Rhonda is pictured on her farm. She has a big smile, and glasses that turn into sunglasses when exposed to sunlight.
Rhonda Gotway-Clyde is the owner of Easy Bee Farm. Credit: Alison Harford/Moab Sun News

Rhonda Gotway-Clyde grew up in her grandmother’s garden in rural Illinois, on a peninsula of land where the Illinois and Mississippi rivers meet. She remembers most of the farmland in Illinois being devoted to beans and corn, but where she grew up, there were lush, rolling hills and fragrant peach trees. Her grandmother, and her grandmother’s land, taught Gotway-Clyde to love gardening, she said. 

Gotway-Clyde is the owner of Easy Bee Farm, a community-supported agriculture farm in Spanish Valley, whose mission is to produce “fruits, vegetables, and joy while providing a healthy habitat for pollinators and the humans who work it.” 

The farm is home to over 2,300 feet of garden rows, 30 chickens, enough produce for 50 CSA shares and 10 flower shares, two full-time employees, and the CEO of Moab Regional Hospital’s grandmother’s jade tree, which was too large and too precious for Jen Sadoff’s house. 

Gotway-Clyde’s gardening was learned through years of trial and error, she said, and she’s still learning. She loves the desert immensely, despite growing up in fertile Illinois: she first came to Moab in 1989 for a job with the Student Conservation Association in the Needles District of Canyonlands National Park. She remembers driving into town in a snowstorm and waking up the next morning to a view of snow dusting the valley walls.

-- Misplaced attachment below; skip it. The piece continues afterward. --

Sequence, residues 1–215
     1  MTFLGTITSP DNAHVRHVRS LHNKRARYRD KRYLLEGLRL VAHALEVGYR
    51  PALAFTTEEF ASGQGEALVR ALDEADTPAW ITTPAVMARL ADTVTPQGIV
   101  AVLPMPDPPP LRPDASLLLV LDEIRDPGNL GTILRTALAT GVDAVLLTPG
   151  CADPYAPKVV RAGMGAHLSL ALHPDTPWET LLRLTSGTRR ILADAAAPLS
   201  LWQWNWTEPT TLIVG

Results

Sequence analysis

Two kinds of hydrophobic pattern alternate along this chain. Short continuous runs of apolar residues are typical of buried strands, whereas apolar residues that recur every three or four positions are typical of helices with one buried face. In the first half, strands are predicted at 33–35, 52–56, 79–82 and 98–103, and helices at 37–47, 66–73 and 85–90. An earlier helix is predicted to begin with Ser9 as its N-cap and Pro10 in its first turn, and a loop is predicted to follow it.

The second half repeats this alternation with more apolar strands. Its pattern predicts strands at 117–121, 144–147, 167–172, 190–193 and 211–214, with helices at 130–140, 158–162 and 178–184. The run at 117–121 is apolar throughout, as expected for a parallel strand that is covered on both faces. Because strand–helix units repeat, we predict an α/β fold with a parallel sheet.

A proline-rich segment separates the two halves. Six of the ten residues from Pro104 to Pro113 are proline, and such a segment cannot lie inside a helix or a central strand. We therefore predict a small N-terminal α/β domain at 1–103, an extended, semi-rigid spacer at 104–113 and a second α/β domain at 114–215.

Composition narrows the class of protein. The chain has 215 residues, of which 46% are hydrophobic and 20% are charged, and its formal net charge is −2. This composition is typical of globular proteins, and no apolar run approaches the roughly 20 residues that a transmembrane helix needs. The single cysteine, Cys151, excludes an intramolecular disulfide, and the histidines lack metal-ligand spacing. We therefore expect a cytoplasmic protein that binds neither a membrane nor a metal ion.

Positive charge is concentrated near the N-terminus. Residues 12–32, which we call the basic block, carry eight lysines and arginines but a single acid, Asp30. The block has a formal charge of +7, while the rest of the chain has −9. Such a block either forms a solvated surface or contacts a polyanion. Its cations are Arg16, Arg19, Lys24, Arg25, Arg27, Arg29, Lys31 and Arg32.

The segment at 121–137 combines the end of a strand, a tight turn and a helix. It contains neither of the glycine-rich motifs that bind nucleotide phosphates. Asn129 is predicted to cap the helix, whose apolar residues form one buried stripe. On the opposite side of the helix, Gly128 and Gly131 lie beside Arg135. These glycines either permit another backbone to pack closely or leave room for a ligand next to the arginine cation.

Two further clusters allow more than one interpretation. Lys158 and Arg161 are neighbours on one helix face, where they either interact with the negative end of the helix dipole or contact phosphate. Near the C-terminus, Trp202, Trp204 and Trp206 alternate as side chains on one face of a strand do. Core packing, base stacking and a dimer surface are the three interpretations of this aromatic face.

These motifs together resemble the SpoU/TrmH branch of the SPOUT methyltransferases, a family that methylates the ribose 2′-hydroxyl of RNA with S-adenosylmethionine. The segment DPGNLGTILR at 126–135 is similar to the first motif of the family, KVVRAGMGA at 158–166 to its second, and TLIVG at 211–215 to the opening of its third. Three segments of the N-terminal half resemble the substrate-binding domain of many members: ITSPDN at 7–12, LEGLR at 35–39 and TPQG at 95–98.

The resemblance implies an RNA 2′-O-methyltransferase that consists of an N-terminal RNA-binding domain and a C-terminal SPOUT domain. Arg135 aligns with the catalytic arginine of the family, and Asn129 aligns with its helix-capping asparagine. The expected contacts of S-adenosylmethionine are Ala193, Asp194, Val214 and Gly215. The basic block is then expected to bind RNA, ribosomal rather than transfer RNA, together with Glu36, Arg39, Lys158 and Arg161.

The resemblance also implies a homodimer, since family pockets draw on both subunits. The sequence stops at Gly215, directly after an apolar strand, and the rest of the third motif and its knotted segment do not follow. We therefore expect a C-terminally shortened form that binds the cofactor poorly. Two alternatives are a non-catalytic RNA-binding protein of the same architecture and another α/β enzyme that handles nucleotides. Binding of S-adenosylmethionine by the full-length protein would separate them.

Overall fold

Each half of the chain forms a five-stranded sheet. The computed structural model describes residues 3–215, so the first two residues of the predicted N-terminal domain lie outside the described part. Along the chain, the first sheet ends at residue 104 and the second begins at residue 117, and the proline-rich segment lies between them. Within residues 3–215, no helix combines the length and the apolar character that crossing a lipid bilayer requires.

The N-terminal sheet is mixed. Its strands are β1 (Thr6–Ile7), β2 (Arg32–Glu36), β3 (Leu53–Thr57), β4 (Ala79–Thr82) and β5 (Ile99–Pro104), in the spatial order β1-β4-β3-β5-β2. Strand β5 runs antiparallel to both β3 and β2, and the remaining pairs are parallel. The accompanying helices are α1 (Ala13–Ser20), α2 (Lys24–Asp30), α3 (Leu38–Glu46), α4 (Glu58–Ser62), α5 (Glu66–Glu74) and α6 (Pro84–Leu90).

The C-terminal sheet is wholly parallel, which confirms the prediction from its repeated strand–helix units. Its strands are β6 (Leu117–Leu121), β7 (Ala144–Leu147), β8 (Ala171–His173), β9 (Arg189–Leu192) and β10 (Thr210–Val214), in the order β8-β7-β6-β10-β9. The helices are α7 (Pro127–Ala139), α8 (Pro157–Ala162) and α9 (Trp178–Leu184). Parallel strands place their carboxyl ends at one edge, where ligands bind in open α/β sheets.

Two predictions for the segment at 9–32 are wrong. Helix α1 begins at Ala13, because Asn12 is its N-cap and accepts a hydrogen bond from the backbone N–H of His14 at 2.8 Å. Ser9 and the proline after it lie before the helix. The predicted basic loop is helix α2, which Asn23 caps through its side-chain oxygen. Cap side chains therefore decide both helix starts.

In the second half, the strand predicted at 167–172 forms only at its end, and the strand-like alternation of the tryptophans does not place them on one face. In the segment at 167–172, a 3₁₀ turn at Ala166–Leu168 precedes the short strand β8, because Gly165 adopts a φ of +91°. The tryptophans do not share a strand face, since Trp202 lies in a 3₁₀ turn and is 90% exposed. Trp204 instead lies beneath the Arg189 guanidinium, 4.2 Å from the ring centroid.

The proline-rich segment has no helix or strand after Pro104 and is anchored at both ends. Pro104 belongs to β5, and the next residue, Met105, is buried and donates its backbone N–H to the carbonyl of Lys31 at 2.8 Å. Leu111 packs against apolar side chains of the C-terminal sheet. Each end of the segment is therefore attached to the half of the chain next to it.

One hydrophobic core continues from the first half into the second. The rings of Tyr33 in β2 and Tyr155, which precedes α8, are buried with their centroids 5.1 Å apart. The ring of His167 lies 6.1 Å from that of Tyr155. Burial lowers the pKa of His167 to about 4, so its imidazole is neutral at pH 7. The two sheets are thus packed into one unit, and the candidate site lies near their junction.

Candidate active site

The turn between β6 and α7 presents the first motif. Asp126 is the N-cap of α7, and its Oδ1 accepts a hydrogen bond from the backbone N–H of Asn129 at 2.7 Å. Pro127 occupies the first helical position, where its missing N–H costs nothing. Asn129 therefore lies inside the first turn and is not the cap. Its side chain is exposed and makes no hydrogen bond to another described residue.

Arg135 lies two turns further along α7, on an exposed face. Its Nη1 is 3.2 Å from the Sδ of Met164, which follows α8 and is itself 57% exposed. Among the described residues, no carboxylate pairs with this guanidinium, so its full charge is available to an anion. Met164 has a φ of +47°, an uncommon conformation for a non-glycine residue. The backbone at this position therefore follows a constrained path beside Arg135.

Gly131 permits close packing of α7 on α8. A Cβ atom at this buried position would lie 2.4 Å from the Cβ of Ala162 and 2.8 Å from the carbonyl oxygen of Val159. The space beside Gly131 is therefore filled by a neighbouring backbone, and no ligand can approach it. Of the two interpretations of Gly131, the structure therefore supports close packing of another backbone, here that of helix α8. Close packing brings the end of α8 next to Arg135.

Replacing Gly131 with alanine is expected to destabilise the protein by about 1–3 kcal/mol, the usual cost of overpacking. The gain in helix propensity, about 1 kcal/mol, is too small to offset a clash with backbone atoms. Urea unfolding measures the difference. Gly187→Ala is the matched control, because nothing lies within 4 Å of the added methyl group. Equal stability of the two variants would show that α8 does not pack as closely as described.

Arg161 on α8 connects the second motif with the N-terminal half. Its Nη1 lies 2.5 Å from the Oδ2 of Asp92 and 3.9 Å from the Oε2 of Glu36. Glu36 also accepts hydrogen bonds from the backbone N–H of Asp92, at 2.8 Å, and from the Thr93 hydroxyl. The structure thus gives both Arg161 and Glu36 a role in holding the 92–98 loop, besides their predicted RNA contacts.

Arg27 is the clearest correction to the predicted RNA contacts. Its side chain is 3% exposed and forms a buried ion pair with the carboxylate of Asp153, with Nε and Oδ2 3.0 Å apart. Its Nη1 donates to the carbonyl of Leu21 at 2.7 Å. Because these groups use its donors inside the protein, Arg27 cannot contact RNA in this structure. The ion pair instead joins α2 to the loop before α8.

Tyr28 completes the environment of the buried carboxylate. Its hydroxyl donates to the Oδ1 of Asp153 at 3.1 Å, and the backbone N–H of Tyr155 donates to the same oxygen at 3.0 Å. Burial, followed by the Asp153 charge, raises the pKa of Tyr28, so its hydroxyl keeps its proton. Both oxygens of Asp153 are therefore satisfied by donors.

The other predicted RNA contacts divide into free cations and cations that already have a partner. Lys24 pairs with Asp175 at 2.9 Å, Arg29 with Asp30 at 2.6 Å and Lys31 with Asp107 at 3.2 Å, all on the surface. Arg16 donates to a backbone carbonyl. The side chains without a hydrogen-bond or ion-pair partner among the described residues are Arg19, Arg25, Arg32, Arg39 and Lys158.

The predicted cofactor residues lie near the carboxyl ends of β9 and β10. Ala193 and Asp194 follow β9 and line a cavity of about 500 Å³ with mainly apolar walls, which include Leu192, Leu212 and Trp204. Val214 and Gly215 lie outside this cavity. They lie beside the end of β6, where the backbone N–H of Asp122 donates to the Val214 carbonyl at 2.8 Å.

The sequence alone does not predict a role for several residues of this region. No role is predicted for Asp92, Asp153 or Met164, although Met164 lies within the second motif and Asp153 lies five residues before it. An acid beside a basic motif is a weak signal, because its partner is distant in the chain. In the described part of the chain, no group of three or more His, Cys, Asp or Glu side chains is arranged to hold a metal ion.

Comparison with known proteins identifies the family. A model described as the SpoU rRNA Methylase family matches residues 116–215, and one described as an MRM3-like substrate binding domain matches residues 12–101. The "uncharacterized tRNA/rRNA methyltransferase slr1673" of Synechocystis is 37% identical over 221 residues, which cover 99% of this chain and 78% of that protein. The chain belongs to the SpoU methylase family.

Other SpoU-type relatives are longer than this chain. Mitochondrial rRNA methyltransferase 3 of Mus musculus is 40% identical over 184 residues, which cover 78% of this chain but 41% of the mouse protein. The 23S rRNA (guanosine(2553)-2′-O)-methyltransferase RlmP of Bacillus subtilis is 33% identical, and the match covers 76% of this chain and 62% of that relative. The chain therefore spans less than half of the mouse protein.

“That day I drove down to the Needles, through Indian Creek, and I was like, ‘this is it,’” she said. She moved to her property in Spanish Valley three years later and has established the farm ever since. She planted her first tree, a native box elder, in 2007, shortly followed by a handful of Arizona cypresses to create shade and shelter.

“I’m in charge of trillions of lives,” Gotway-Clyde said, “once you start counting the microorganisms.” 

In the coming years, Gotway-Clyde is planning an expansion: she wants to open a new farm stand and prep kitchen, so she can better offer local food to the community. 

“It takes an army to feed a village,” she jokes. “The ability to know the people who are growing your food … there are people here who say they just can’t live any other way. It strengthens the community’s cohesiveness. Fresh produce brings a lot of things together.” 

With that expansion, she’ll also be able to create more housing on the property for her employees, and get her garage back—the garage previously housed all CSA operations, but once the farm stand is open, she’ll move everything there. 

But farming in the desert comes with a number of challenges. In the past few years, Gotway-Clyde has run into challenges concerning water, insects, heat, and wind— a recent study published in the journal Nature found that the entire American West is experiencing its worst drought in over 1200 years, and the insect issues due to the changing climate “are maybe not worse, but weird,” Gotway-Clyde said. A few years ago, she said, a leafhopper pest transmitted a virus to her tomatoes, wiping out 60% of the heirlooms. 

“It’s those sorts of things that I think are going to get more intense,” she said. “And farming in the desert in a drought situation is the biggest challenge.” 

Gotway-Clyde is constantly improving operations to withstand the desert climate, she said: she utilizes mulch, drip systems, and shelterbelts made of native plants to be as efficient as possible with the water.

For this season, she’s focused on regenerating her soil in preparation for the expansion, she said, and to increase production. Healthy soil “keeps the plants happy,” she said. She’s ridiculously excited about the farm stand: she already knows where everything will go in the concrete building that will house the stand, and as she explains it she can’t keep a smile off her face. She dreams of turning the farm stand into a co-op, too, to get even more of the community involved with local agriculture and local foods. 

“If we had the time and the energy and manpower,” Gotway-Clyde said, “I know we can do even more.”